# Incidences Between Points and Lines on Two- and Three-Dimensional Varieties

Micha Sharir, Noam Solomon

Research output: Contribution to journalArticlepeer-review

## Abstract

Let P be a set of m points and L a set of n lines in R4, such that the points of P lie on an algebraic three-dimensional variety of degree D that does not contain hyperplane or quadric components (a quadric is an algebraic variety of degree two), and no 2-flat contains more than s lines of L. We show that the number of incidences between P and L is (Formula Presented.) for some absolute constant of proportionality. This significantly improves the bound of the authors (Sharir, Solomon, Incidences between points and lines in R4. Discrete Comput Geom 57(3), 702–756, 2017), for arbitrary sets of points and lines in R4, when D is not too large. Moreover, when D and s are constant, we get a linear bound. The same bound holds when the three-dimensional surface is embedded in any higher-dimensional space. The bound extends (with a slight deterioration, when D is large) to the complex field too. For a complex three-dimensional variety, of degree D, embedded in C4 (or in any higher-dimensional Cd), under the same assumptions as above, we have (Formula Presented.). For the proof of these bounds, we revisit certain parts of , combined with the following new incidence bound, for which we present a direct and fairly simple proof. Going back to the real case, let P be a set of m points and L a set of n lines in Rd, for d≥ 3 , which lie in a common two-dimensional algebraic surface of degree D that does not contain any 2-flat, so that no 2-flat contains more than s lines of L (here we require that the lines of L also be contained in the surface). Then the number of incidences between P and L is (Formula Presented.) When d= 3 , this improves the bound of Guth and Katz (On the Erdős distinct distances problem in the plane. Ann Math 181(1), 155–190, 2015) for this special case, when D≪ n1 / 2. Moreover, the bound does not involve the term O(nD). This term arises in most standard approaches, and its removal is a significant aspect of our result. Again, the bound is linear when D= O(1). This bound too extends (with a slight deterioration, when D is large) to the complex field. For a complex two-dimensional variety, of degree D, when the ambient space is C3 (or any higher-dimensional Cd), under the same assumptions as above, we have (Formula Presented.). These new incidence bounds are among the very few bounds, known so far, that hold over the complex field. The bound for two-dimensional (resp., three-dimensional) varieties coincides with the bound in the real case when D= O(m1 / 3) (resp., D= O(m1 / 6)).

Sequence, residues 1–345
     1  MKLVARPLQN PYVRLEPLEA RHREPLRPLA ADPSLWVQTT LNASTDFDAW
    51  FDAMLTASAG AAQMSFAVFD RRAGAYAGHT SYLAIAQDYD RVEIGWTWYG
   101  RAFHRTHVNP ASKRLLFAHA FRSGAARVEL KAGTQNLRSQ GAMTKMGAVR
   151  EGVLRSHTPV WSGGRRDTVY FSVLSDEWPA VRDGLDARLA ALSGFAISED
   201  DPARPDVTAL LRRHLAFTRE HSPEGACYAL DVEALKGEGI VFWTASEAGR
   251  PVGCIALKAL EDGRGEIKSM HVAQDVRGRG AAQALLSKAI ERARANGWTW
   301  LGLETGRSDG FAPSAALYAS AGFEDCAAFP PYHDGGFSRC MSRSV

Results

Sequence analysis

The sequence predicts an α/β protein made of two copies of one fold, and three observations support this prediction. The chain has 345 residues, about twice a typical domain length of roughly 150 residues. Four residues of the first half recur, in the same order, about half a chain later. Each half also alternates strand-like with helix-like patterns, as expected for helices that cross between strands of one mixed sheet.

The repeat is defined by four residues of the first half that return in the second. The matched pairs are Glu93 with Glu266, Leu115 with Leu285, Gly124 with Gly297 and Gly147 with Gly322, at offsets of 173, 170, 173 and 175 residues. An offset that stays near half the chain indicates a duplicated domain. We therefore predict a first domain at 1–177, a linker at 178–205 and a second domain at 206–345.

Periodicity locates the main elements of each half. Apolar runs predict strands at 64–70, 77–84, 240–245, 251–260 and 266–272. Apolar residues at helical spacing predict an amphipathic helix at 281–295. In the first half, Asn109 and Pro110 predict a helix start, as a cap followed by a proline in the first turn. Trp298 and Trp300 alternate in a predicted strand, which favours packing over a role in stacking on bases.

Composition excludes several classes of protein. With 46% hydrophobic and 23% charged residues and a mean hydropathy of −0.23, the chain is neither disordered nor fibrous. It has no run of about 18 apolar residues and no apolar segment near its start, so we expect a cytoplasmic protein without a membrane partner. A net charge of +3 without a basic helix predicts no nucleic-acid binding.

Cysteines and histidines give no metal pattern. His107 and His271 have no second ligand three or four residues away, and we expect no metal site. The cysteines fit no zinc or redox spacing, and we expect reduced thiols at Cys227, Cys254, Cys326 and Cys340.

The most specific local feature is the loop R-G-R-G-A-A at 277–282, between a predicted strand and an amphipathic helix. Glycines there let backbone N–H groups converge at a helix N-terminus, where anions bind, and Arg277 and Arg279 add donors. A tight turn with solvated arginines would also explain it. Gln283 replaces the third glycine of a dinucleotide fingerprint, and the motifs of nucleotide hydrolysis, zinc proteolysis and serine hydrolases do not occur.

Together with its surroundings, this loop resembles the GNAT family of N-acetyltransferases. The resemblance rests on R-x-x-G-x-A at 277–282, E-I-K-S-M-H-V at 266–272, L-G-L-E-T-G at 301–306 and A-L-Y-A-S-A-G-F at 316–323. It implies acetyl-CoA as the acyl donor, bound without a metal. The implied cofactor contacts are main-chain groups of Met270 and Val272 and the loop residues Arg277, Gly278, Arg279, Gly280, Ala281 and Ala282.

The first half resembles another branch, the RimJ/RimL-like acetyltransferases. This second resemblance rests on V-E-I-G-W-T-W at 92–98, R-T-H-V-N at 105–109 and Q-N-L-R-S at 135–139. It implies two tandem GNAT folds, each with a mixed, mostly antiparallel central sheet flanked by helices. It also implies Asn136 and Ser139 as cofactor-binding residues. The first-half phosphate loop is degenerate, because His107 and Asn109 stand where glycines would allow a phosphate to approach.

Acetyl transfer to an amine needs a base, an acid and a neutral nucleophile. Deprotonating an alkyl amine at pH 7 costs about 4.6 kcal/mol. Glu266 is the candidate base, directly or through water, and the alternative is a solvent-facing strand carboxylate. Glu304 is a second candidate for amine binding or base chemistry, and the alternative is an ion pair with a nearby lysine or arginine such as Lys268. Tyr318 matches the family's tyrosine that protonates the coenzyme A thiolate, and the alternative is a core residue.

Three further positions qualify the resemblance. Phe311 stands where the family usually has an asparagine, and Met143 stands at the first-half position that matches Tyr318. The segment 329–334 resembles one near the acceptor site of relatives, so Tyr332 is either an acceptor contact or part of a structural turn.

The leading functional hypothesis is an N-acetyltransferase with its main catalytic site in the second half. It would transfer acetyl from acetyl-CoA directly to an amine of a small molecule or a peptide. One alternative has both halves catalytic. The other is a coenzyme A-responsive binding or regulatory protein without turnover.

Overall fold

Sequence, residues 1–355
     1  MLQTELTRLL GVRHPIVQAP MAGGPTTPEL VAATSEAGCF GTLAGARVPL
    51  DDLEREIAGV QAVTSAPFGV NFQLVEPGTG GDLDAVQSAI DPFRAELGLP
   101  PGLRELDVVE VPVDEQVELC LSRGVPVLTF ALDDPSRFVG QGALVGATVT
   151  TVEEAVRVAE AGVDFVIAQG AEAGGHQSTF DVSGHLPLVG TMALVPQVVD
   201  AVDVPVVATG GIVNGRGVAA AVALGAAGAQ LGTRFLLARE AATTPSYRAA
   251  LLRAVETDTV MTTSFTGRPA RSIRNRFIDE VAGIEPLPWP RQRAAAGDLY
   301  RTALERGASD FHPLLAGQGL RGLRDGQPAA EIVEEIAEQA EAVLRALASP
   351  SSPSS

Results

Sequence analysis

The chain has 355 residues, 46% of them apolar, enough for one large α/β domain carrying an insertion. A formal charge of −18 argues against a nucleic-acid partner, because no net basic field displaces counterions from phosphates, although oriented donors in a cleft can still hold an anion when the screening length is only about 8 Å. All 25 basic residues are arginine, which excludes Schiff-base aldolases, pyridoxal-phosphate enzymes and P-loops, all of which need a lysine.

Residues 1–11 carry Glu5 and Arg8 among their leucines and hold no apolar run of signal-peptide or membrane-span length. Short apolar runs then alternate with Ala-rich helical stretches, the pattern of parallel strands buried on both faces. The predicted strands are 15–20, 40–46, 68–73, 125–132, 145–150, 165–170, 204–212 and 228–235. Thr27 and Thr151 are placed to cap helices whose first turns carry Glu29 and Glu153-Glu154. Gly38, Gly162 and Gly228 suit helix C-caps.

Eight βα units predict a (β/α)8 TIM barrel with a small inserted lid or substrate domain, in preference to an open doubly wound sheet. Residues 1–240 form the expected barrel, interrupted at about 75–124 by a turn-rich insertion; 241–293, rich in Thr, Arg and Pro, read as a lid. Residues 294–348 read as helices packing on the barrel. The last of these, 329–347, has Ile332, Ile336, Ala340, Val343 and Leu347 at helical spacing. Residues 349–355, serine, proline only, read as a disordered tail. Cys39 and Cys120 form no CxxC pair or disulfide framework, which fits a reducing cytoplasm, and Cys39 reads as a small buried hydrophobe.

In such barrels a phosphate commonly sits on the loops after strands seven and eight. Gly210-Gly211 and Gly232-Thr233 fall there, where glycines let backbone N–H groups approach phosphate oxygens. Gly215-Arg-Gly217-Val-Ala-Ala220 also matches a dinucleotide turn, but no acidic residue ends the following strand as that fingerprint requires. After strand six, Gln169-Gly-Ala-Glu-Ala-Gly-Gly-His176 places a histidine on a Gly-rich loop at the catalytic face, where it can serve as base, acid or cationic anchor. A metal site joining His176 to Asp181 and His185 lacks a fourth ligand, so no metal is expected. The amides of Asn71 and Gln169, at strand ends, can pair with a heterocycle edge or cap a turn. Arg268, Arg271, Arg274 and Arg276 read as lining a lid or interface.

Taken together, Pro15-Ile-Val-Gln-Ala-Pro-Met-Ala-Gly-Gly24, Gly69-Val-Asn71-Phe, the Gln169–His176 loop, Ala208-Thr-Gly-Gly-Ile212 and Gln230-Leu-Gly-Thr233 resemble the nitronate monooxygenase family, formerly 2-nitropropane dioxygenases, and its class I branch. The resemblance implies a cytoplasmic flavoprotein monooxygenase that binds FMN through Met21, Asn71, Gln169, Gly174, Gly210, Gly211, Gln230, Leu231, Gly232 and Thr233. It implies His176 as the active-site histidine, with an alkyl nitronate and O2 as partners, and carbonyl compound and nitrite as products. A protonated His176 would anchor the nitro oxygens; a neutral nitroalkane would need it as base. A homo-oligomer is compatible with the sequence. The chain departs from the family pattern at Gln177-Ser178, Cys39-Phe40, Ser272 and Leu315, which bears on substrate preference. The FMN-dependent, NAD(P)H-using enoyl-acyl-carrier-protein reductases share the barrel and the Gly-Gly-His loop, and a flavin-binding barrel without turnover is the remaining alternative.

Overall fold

Original language English 88-130 43 Discrete and Computational Geometry 59 1 https://doi.org/10.1007/s00454-017-9940-5 Published - 1 Jan 2018

## Keywords

• Algebraic techniques for discrete geometry
• Geometric incidences
• Lines on varieties
• Polynomial partitioning
• Ruled surfaces

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